Changes are being introduced that will allow fathers and partners to take 2 weeks paternity leave within a longer period. Currently, only one block of leave can be taken, which can be either one or two weeks and must be taken within 56 days of the birth or adoption of the child; this will be updated so it can be taken in non-consecutive blocks at any time in the 52 weeks after the birth or adoption. Additionally, employees have to give notice of their intention to take Paternity Leave no later than 15 weeks before the Expected Week of Childbirth or the week in which the main adopter is notified of having been matched with the child; they will now only have to give 28 days’ notice.  Employers should update their parental leave policies accordingly.

When: 6 April


7. Extension of redundancy protection

Currently, employees on maternity/adoption/shared parental leave have enhanced protections in redundancy situations, including the right to be offered a suitable alternative vacancy over other employees at risk, if one is available. This protection is being expanded to include pregnant employees, from the moment they notify their employer of their pregnancy, through to 18 months after childbirth.

This is a significant change and employers should ensure compliance with these extended protections.

When: 6 April


8. Proposed new rates for statutory pay

The annual increases and proposed rates for statutory pay, include £184.03 for statutory maternity, paternity, adoption, shared parental and parental bereavement pay, and £116.75 for statutory sick pay. Employees should monitor these proposed changes for future planning.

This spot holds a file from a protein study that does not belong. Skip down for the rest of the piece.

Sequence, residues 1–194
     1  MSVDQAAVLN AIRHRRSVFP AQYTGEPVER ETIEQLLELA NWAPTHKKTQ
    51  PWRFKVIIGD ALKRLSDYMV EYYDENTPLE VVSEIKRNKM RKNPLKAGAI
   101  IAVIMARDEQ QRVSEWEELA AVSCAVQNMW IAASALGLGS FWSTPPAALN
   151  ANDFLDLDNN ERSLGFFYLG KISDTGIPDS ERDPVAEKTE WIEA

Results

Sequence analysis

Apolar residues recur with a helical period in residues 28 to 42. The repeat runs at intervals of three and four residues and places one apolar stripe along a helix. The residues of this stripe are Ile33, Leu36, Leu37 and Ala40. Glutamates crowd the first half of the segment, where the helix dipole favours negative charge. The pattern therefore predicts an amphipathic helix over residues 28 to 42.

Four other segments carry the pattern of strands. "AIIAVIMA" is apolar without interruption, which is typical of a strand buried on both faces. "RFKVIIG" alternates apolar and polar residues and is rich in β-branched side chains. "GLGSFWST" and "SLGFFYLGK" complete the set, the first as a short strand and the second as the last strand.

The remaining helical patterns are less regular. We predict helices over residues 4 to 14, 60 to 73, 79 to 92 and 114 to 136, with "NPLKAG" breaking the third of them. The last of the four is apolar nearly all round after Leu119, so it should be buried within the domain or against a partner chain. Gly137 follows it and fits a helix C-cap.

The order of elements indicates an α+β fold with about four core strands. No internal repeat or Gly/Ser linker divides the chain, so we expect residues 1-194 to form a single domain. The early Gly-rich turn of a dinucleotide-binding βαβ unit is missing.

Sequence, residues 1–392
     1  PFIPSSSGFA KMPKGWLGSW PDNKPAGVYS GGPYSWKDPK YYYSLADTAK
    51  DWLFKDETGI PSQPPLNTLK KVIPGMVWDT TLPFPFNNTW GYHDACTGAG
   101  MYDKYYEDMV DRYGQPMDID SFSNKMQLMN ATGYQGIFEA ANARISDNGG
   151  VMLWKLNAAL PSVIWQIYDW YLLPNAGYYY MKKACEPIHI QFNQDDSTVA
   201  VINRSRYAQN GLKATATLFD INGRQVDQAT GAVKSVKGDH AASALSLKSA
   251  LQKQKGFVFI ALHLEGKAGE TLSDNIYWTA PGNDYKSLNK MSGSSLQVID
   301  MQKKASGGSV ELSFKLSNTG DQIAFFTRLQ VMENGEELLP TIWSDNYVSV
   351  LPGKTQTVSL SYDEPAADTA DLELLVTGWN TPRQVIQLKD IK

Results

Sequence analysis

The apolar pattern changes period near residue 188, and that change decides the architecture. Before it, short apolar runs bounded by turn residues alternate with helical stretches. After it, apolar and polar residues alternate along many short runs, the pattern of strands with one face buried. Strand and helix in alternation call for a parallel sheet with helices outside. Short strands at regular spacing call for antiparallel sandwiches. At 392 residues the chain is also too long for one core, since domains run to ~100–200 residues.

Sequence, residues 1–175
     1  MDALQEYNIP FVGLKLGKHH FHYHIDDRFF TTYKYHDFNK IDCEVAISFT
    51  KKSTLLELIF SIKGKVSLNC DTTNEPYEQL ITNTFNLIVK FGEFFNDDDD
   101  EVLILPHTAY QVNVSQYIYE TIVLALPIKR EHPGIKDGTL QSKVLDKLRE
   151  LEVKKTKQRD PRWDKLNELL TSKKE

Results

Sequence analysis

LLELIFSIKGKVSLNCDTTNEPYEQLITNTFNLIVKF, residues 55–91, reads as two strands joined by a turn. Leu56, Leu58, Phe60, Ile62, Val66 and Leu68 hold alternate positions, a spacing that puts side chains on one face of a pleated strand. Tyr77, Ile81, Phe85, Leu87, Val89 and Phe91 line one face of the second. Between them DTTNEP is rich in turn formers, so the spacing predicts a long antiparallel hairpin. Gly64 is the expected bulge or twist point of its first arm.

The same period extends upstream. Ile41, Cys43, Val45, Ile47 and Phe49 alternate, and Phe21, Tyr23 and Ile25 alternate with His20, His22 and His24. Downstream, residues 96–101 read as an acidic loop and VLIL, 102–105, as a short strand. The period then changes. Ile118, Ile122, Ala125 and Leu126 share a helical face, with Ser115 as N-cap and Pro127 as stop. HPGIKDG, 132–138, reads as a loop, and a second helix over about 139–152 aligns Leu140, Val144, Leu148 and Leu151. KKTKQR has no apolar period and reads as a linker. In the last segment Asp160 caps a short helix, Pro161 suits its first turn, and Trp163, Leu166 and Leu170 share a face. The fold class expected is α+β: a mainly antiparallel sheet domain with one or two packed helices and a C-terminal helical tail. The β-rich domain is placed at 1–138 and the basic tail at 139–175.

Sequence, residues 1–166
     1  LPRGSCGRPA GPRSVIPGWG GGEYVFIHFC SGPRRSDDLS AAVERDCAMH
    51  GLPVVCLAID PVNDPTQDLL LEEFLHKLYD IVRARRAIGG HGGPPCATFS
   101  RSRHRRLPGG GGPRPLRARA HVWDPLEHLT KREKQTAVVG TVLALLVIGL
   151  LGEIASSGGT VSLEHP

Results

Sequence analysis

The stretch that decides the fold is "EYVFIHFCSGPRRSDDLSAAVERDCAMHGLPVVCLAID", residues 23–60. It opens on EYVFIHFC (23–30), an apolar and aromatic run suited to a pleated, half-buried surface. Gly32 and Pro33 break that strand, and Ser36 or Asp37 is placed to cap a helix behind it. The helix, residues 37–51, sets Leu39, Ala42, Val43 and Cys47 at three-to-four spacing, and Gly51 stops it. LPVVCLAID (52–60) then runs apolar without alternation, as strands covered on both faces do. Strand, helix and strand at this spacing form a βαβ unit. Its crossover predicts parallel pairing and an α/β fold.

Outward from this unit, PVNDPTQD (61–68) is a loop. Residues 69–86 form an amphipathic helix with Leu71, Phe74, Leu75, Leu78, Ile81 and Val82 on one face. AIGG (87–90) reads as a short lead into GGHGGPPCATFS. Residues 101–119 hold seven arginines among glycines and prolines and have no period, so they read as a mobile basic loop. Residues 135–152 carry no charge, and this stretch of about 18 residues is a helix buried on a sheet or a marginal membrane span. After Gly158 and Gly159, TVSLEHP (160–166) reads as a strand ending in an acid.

When: 8 April


9. Direct consultation on TUPE transfers

New rules permitting direct consultation with affected staff in relation to ‘TUPE’ transfers (under the Transfer of Undertakings (Protection of Employment) Regulations will be introduced for small businesses or transfers involving fewer employees. The update will mean that businesses with fewer than 50 employees, and businesses of any size who are proposing a transfer of fewer than 10 employees, will be permitted to consult with employees directly rather than through representatives.

When: 1 July


Laura Shermon, Solicitor in the Thrings Employment team said In an ever-evolving field, employers need to stay up-to-date on the latest changes to employment law, both to ensure they can benefit from new opportunities as well as to protect themselves from potential risk.

“With such an array of changes set to arrive in the coming months, it can be challenging to stay on top of it all and we encourage business owners to seek legal advice on how their internal policies and processes can be futureproofed.”

Thrings’ Employment lawyers are experienced in dealing with business matters that affect the workforce and has acted for both employers and employees from start-ups and SMEs all the way to multinational corporations across a wide range of employment matters. To find out how they can help strengthen your polices, and solve your disputes, please get in contact.

Thrings employment lawyers